The website doesn’t state how long you should expect to wait, but if you have any questions, simply login and contact customer support.

Once your application is reviewed and approved, you should receive a seller’s license and a business tax ID, also known as a Colorado Account Number (CAN). The CAN is listed on your sales tax license as the first 8 digits of the Use Account Number, in the upper left portion.

You’ll also be assigned a tax filing frequency: monthly, quarterly, or annually.

How do I file sales tax returns in Colorado?

Sales and taxes should be reported and filed using US dollars. If you’ve made any transactions in Colorado in a different currency, be sure to convert those to USD using official currency exchange rates.

When to file and pay

You must file a sales tax return either monthly, quarterly, or yearly. The deadlines are as follows:

Monthly
For monthly filers, reports are due on the 20th day of the month following the reporting month. For example, the July sales tax report is due August 20.

Quarterly
For quarterly filers, reports are due on the 20th day of the month following the reporting period.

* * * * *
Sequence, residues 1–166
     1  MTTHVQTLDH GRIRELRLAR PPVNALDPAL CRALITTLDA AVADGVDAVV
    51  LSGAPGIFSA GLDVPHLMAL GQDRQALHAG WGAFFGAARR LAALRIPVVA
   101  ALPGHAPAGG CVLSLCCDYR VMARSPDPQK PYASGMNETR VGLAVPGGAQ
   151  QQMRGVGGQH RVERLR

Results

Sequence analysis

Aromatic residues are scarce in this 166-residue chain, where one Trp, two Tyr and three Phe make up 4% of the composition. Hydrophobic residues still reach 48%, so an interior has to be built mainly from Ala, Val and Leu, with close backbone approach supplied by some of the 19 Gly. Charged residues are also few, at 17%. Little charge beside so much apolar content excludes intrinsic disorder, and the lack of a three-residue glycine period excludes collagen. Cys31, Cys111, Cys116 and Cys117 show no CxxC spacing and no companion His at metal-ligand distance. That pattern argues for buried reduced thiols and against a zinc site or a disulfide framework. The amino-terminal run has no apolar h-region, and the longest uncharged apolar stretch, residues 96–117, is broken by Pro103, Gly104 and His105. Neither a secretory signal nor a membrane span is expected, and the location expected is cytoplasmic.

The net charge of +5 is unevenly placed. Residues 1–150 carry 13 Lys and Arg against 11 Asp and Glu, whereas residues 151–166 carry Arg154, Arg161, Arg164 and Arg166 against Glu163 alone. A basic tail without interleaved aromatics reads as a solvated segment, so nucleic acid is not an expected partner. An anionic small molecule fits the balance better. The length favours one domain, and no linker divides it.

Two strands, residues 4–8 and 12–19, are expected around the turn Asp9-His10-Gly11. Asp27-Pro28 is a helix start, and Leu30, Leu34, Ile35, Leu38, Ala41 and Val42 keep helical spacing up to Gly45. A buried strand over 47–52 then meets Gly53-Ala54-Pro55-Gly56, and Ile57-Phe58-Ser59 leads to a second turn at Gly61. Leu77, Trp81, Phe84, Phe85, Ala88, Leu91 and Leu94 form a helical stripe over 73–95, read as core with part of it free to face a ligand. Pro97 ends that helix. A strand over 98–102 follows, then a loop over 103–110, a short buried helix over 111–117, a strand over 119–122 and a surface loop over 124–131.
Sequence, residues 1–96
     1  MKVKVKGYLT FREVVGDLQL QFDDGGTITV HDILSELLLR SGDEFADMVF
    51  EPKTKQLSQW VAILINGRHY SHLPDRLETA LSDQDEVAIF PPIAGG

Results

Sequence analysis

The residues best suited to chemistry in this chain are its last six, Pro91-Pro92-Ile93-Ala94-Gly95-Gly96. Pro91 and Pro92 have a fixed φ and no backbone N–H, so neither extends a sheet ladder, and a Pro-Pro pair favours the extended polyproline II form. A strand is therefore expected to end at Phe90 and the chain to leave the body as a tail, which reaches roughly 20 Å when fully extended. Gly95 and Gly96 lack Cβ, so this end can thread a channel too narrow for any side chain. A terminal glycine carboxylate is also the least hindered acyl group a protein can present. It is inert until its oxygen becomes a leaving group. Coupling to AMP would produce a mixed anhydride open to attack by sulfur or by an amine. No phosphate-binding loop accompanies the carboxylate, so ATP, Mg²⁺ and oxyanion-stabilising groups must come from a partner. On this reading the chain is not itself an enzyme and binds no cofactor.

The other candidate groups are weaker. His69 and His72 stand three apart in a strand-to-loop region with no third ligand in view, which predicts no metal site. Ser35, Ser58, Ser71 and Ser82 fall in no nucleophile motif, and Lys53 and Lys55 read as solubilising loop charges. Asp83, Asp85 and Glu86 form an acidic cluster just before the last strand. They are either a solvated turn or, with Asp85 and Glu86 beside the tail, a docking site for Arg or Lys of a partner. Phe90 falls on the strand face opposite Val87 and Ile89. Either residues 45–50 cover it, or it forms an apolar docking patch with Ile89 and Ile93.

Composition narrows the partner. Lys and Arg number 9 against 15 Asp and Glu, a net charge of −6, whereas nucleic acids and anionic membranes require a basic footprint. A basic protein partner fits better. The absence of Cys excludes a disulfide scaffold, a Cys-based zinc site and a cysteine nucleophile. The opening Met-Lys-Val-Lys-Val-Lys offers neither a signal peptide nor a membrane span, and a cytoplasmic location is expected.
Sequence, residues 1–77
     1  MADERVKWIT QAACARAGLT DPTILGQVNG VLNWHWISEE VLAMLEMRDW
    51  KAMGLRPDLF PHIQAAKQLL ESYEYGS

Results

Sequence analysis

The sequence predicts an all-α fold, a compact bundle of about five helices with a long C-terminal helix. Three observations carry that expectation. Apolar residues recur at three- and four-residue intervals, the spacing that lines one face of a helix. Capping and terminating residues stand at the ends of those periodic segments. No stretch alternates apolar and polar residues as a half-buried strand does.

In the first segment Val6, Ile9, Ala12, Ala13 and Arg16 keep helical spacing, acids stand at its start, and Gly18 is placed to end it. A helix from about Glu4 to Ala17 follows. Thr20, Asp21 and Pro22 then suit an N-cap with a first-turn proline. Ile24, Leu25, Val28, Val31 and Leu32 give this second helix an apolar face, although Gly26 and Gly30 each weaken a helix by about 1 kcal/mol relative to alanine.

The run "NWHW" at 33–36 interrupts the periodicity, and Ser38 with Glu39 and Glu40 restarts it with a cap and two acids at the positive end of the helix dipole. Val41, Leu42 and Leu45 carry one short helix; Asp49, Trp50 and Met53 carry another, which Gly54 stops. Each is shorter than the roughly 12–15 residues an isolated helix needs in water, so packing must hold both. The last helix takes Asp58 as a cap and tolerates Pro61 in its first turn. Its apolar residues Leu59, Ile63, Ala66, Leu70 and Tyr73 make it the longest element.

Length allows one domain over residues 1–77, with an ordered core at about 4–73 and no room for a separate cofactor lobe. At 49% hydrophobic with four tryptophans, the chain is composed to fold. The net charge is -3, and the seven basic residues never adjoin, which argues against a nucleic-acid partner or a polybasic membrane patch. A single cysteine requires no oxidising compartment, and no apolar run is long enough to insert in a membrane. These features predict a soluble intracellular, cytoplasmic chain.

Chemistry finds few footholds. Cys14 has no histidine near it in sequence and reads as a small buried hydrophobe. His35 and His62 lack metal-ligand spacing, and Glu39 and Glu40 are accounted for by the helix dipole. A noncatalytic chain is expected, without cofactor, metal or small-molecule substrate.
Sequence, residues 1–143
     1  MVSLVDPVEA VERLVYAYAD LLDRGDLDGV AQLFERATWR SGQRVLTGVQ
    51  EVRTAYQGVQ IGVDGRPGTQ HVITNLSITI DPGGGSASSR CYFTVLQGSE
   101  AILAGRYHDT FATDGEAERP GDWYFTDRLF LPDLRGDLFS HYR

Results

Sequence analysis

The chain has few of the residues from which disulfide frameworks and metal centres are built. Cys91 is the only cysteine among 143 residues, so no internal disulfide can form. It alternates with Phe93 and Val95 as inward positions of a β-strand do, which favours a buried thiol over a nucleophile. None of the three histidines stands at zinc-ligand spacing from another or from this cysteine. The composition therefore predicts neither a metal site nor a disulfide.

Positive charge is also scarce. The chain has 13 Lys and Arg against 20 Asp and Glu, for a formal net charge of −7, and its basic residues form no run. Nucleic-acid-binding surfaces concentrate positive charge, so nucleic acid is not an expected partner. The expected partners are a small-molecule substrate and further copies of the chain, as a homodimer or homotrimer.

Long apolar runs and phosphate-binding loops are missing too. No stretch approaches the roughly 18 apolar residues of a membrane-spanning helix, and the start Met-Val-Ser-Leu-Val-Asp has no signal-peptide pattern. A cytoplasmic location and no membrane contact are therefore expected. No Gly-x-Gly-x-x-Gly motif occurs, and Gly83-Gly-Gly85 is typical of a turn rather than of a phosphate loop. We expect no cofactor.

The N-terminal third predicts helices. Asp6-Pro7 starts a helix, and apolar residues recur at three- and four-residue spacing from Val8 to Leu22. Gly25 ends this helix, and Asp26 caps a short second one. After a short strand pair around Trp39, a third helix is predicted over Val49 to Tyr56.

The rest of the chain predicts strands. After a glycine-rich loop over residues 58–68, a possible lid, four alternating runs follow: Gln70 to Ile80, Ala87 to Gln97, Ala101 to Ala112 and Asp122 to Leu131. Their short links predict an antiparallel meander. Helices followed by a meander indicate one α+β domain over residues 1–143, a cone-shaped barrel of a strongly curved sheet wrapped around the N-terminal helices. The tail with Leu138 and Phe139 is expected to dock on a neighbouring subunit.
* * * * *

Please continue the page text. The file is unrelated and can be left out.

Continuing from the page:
• April 20, for first quarter ending March 31
  • July 20, for second quarter ending June 30
  • October 20, for third quarter ending September 30
  • January 20, for fourth quarter ending December 31

Note: You must still file every quarter even if you made no sales in Colorado! This is typically called a “zero return” and it follows the exact same process as a normal return. (Just a little less data entry 😉)

How to file tax returns in Colorado

Before you get started, you should collect all the information about your taxable sales in Colorado during the previous quarter. The tax website suggests having these pieces ready:

  • total sales and income
  • total purchases and expenses

You can file online in Revenue Online. You can log in here.

Once submitted, you should receive confirmation and a Filing ID, which is a unique identifier for this particular tax return. You can keep this for your records.

How to pay sales tax in Colorado

Tax payments must be made electronically and in US dollars. You can pay directly at the time of filing through your Revenue Online account.

Colorado offers a few different payment methods. Please note that most methods charge a service fee and take a few days to process payment!

  • Debit or credit card
  • E-check
  • EFT (ACH Debit or Credit)

What to do in between registering and filing?

So, you’ve learned how to register & file taxes online in Colorado. Now you must comply with all the rules for Colorado sales tax! That means charging 2.9% sales tax and watching out for local level taxes, among other things.

For further reading that will help you stay compliant and successful as a remote seller, check out our Business Guide to Sales Tax in Colorado.

* At Quaderno we love providing helpful information and best practices about taxes, but we are not certified tax advisors. For further help, or if you are ever in doubt, please consult a professional tax advisor or the Tax Agency.